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Heavenly Glass

Monday, November 28, 2011


The first time I went to the Tuschinksi theater I must have been somewhat around 10 years old. It made a huge impression on me, between all the ugly stores and cheap restaurants, a beautiful building with butterfly cocoons and metal trees.

Remembering this I decided to rediscover this building when we got the assignment on the “Wendingen” magazines.

So with my camera I went there, the building was still as impressive (looking a bit smaller though) and from the entrance to the loge it was a real joy. There is so much detail at first it looks like scribbling, but after a while I could focus on individual parts  of the interior. Behind the bar there are three heads, enlisted by glass birds in blue and yellow. The walls mostly covered by paintings and endless woodwork. And the many lamps, in all possible shapes. Mostly they look like stylized insects.

But when I asked a lady if she maybe had some information on the theater and the lamps and glass-work specifically, she told me no. Also, sadly, I could not go past the entrance hall. Luckily I was allowed to take some pictures [x].

All the interior is made by hand, and not one single thing has escaped the all-seeing eye of Abraham Tuschinski.

He spend a fortune on this project, and refused to use any other than the finest woods, glass and metals for the interior of his little pearl.

To me the most attractive part is that of the the lamps, made from stained glass with sometimes up to a 150 different panels. The stained-glass in the Tuschinksi-cinema was originally designed by Pieter den Besten.



Three companies had to be hired to do the job. Degens, Warffemius and Winkelman. Degens glass- and mirror factory, situated in Rotterdam, this company was founded in 1901 and is still in business. There is also not a lot to find on Warffemius except for a reference in a report on monumental art on the fact that he made a glass-panel for the Feijenoord stadium in Rotterdam. His stained-glass however pops up in a lot of art auctions en still seem to be quite demanded. Mostly these are glass-pieces with animal shapes on them. Winkelman had then already worked and would proceed to work together with architects from the Amsterdam School like Piet Kramer and Adriaan Moen. Some examples of well-known buildings he worked on  are the iron fences at the ‘Scheepvaarthuis’ and the stained-glass in the Bethlehem church in Amsterdam North. Besides glass and iron, Winkelman also made furniture and some clocks in the style of ‘de Stijl’.[more clocks]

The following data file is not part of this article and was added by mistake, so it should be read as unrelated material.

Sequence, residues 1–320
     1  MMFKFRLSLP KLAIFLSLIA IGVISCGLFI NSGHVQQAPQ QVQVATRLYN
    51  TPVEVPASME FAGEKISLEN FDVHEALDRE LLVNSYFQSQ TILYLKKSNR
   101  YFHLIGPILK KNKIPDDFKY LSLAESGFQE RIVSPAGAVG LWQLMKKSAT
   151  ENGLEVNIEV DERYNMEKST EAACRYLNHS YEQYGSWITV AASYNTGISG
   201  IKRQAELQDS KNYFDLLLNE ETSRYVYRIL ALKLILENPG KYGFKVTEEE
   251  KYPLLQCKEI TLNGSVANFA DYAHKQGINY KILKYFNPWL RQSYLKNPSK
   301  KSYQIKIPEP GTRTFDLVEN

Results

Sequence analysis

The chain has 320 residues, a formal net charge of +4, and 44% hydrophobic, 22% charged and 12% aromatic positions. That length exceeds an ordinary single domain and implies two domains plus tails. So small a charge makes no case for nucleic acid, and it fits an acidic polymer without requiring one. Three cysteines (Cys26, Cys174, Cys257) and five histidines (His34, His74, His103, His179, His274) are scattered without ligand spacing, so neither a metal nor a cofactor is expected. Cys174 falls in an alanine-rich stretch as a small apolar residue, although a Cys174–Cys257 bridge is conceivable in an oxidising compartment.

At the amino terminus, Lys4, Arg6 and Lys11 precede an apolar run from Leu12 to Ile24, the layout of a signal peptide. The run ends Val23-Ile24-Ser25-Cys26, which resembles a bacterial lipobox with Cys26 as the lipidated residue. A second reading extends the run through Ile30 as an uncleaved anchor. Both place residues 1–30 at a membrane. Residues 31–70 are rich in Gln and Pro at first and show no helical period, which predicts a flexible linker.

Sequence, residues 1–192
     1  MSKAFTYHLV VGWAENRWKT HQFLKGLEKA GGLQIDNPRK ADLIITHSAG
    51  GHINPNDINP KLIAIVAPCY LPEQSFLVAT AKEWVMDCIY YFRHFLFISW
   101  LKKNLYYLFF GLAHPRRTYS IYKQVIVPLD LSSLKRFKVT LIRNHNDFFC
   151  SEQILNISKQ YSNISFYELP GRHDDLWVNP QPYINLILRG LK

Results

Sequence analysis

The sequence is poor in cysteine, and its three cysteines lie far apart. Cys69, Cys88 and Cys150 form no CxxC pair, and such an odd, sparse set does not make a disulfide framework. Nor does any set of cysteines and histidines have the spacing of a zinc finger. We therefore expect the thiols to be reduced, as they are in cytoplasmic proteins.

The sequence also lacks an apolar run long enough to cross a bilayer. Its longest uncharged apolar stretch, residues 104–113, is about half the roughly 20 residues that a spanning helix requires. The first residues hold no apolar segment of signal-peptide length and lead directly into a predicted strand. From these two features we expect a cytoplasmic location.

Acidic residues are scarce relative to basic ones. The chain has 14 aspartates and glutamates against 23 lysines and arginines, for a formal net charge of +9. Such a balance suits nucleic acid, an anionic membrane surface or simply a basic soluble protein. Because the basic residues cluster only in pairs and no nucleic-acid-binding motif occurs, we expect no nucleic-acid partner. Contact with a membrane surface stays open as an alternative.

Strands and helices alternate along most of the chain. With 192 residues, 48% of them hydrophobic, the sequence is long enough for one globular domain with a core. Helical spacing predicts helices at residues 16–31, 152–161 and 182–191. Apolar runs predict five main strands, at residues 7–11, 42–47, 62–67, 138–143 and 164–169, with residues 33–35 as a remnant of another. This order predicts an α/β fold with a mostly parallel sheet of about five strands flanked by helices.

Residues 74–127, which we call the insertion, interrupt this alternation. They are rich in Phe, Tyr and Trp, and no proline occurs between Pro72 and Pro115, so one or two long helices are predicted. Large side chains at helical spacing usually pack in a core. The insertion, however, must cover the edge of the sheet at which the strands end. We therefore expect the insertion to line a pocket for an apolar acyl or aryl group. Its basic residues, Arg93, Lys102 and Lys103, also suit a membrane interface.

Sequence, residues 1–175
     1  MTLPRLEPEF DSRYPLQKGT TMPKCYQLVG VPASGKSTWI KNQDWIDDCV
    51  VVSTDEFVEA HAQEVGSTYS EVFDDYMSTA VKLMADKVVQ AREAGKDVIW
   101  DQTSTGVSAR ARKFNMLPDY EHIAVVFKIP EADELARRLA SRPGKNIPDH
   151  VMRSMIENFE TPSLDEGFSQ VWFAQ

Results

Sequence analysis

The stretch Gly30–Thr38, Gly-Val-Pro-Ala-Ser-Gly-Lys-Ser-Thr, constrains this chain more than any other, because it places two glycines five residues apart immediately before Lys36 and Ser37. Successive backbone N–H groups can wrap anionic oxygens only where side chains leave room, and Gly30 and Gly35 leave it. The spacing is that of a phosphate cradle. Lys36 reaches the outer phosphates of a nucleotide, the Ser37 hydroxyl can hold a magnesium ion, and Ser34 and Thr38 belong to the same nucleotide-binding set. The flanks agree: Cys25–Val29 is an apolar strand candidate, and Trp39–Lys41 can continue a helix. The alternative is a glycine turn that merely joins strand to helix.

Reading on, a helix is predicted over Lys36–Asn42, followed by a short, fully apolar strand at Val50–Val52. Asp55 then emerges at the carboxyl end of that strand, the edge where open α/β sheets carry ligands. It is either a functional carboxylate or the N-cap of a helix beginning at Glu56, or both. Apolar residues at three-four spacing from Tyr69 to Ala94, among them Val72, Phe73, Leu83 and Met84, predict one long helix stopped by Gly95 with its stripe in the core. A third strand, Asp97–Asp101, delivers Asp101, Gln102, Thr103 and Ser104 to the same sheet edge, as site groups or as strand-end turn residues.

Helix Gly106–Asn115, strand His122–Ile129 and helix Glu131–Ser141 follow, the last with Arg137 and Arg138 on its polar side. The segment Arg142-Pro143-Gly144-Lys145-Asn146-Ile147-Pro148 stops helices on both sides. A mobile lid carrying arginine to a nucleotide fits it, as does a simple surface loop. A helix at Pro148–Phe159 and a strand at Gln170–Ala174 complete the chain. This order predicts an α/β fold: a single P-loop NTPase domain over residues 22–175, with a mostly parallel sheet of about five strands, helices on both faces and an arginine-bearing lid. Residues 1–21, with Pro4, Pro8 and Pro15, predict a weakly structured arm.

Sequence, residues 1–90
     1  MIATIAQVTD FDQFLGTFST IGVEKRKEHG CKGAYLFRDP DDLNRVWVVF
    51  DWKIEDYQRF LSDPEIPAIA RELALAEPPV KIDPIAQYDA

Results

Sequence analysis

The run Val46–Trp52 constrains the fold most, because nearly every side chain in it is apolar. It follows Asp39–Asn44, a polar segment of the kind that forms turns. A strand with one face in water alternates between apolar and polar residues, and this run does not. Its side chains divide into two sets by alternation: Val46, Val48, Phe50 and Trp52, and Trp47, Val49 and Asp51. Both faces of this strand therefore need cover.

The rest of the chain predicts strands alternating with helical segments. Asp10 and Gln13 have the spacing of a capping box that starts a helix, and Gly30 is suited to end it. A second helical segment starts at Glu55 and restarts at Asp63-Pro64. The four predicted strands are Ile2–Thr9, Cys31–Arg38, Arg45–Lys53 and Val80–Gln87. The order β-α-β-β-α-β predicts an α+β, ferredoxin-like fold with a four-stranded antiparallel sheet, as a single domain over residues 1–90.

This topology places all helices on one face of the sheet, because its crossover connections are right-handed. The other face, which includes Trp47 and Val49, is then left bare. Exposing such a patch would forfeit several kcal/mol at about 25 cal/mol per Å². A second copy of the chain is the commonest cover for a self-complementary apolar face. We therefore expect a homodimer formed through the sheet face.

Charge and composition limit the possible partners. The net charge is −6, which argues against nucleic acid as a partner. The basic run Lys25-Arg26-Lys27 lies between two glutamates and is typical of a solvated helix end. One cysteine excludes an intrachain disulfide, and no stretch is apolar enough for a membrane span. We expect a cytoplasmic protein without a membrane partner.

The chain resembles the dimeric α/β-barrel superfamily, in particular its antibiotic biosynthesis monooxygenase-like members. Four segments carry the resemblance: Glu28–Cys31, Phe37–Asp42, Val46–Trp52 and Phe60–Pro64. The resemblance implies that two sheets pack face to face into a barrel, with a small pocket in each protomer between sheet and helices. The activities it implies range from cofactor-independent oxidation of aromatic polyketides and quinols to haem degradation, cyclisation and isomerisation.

The designs are primarily made out of geometrical shapes, mostly abstract. There are however some bigger pieces that show stylized birds and flora. It is funny to see how many of the objects in the theatre are quite opposite to the strict rules the later Amsterdam school would want his relatives to embrace. If you would like to see more of Pieter den Besten’s design-work the Grand Cafe Central in Gouda is a good option. When the cafe was renovated in 1992, den Besten’s painting were rediscovered and the current owner decided to restore them. The cafe is now a monument, and with it’s stained glass windows, the wall-paintings of stylized ladies and orange/brown/green pallet a great art-deco treasure.



Christiaan Bartels carried the responsibility for the lamps of the interior, looking for more information on this specific style I discovered they are simply called ‘Tuschinksi-lamps’ and are still sold and made under that same name. There is no other genre the lightning in the theatre could be put under. The lamps are made out of seemingly simple rectangles, and lines on stained glass. The design was ahead of it’s time, considering this was of the very beginning of the art-deco movement. Also the way the electricity was done was very innovative. One of the most impressive pieces is the plafonnière in the big venue, it consists of almost 650 panels. I looks as if the lights disappears into the woodwork shaped like some strange bird-like creature done by Jaap Gidding. Although the designers did not just carry responsibility for these tasks, even did not execute most of their designs themselves (Duchateau from Rotterdam executed the work for the lightning in the theatre), it still seems like big job to get done.



Coming from a poor environment himself, Tuschinski mainly build the theatre from an socialistic point of view. He felt everybody deserved the luxury, both literally and figuratively speaking, of having a fun and careless evening. In fact, a lot of the architects of that time had a social preference when it came to politics.

A lot happened since the first grand opening, in 1935 Tuschinski and his companions faced some serious money problems and lost their ownership and a lot of the magnificent art on the walls got covered under more practical paint. But there was a much greater tragedy to follow. In 1939 the nazi’s take ownership of the theatre, and the jewish Abraham Tuschinski is deported to Westerbork and from there to Auschwitz, from where he would never return.
In the year 2000 the theatre got completely renovated. The lamps were designed by Robert Jan Vos and Rienk Visser together with Anthonie Koolen glazeniers who executed the stained glass and also the big ‘spiderweb’ lamp.


For more general information on Tuschinksi, both person and theatre (Tuschinski. Droom, Legende en Werkelijkheid.)

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